Professor Nakamura:  That’s right. So age is an important factor here. So if you acquire a criminal record when you are young, the recidivism tends to be higher than the counterparts, but the equally important factor here is the length of time clean. So if you stay clean longer, then your risk of being arrested again becomes much lower.

Len Sipes:  Okay, so are we talking about first time offenders, second time offenders, third time offenders? Are we talking about repeat offenders who at one point had a clean history, single offenders who at one point had a clean history or it didn’t matter?

Professor Nakamura:  We basically looked at first time offenders, first time arrestees as well as those who were first time convictees. So we didn’t really look at those people with multiple prior records, but there’s another research paper by researcher Shawn Bushway and others. That paper looks at recidivism risk of those with multiple prior records.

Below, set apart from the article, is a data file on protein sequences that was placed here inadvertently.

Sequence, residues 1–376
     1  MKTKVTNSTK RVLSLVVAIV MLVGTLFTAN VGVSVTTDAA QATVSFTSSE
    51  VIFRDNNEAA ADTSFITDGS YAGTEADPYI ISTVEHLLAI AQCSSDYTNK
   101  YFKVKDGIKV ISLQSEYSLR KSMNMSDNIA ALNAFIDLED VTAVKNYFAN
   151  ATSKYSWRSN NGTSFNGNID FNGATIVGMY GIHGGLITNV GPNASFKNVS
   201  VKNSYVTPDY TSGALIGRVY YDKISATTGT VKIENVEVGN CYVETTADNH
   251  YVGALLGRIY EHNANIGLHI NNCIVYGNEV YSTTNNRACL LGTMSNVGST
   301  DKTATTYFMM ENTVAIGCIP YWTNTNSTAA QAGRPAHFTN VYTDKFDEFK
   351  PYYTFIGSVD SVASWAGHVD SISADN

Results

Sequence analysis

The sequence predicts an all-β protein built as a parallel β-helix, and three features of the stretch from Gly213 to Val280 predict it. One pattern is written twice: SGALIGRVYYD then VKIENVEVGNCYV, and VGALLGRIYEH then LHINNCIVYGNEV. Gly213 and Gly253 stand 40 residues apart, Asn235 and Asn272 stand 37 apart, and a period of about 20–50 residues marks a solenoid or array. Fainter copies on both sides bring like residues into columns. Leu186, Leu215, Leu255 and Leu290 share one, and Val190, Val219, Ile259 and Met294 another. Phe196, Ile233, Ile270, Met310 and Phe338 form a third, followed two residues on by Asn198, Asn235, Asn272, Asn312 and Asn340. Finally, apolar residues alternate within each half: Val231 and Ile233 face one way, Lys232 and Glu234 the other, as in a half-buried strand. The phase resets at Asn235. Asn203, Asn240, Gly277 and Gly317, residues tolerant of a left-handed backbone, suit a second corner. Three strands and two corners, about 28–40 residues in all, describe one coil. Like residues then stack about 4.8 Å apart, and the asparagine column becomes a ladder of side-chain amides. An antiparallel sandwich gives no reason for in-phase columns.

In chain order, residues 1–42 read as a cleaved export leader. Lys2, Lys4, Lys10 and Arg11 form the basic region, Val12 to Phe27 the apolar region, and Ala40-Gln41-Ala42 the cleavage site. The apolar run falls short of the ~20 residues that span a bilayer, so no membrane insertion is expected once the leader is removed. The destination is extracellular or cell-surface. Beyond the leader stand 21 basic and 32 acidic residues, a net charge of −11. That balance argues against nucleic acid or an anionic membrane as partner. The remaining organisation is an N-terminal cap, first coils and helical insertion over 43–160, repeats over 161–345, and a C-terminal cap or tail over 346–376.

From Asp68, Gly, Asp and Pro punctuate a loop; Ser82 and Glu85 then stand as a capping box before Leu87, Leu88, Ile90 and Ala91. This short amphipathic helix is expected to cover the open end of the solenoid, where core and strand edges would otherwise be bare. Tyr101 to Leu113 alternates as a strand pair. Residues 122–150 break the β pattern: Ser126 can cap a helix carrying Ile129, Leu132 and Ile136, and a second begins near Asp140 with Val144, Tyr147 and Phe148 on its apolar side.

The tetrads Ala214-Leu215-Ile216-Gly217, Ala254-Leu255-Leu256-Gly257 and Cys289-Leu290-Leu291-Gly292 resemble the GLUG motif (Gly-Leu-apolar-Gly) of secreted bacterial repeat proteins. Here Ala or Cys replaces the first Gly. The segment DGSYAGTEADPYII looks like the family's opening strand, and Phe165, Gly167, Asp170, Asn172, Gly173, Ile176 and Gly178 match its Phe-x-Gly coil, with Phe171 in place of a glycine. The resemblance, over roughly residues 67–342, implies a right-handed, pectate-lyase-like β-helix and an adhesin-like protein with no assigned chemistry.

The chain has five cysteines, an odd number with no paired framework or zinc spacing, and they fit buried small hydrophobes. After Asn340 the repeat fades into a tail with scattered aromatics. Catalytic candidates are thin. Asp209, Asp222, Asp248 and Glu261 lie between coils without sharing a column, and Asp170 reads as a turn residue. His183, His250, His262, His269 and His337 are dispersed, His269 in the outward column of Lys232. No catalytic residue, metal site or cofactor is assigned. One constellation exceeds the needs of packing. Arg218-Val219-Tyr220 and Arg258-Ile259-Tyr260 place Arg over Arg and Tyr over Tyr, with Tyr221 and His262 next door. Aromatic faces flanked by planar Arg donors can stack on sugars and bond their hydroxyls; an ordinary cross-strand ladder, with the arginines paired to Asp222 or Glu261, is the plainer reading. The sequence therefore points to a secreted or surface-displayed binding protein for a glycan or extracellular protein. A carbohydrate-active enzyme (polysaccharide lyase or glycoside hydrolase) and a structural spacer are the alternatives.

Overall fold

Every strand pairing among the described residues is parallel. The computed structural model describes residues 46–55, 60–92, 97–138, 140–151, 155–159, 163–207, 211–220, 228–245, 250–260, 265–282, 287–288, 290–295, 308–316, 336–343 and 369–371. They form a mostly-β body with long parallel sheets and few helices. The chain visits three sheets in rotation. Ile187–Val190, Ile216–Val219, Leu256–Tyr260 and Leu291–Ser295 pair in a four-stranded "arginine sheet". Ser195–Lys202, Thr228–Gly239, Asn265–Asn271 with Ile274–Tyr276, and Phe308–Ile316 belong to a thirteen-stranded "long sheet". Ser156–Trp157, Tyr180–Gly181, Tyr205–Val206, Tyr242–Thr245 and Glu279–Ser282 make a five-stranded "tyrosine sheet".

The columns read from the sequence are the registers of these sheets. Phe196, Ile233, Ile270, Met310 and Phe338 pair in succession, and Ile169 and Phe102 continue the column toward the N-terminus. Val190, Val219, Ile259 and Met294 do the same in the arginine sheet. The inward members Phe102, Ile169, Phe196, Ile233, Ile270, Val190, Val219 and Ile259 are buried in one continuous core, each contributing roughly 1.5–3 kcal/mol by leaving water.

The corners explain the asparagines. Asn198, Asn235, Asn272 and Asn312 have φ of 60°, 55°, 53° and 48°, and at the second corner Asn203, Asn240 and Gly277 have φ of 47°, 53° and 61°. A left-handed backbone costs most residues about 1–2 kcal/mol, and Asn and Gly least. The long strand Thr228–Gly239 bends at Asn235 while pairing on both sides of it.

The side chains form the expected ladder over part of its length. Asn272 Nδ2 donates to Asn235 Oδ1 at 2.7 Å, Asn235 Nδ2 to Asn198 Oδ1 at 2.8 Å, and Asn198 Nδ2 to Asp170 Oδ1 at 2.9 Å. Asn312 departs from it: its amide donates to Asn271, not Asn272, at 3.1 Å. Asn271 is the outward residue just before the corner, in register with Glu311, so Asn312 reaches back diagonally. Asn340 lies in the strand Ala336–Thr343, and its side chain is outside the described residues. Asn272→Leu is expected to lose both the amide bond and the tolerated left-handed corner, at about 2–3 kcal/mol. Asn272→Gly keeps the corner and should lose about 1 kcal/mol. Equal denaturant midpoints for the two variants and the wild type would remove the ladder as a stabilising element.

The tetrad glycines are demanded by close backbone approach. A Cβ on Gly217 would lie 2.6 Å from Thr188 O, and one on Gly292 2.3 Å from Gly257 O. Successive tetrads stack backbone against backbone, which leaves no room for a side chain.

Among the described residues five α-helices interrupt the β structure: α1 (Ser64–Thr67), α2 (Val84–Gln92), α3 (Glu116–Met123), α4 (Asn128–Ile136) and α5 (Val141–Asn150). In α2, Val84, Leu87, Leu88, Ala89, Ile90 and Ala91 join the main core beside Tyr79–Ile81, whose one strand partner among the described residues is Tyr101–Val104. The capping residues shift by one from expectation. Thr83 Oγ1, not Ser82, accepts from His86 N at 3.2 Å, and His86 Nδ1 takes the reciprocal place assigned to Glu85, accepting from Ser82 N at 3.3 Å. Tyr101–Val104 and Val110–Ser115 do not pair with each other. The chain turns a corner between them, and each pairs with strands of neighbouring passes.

Len Sipes:  Did it show the same thing as your research?

Professor Nakamura:  The pattern is the same, meaning that the recidivism risk declines over time, but those with many prior records, their recidivism risk declines in a much slower place.

Len Sipes:  Ah, okay, so there’s more of a commitment if you have multiple crimes versus singular crimes.

Professor Nakamura:  Right. It takes a longer time.

Len Sipes:  Your research basically said that there’s a certain formula involved here that after…and it depends upon the crime and I think it depends on the age of onset, but I heard different people summarize your research by saying that after seven years of not offending, then your risk is just as the same as that of the regular population. Not the regular criminal population. I’m talking about the American population across the board.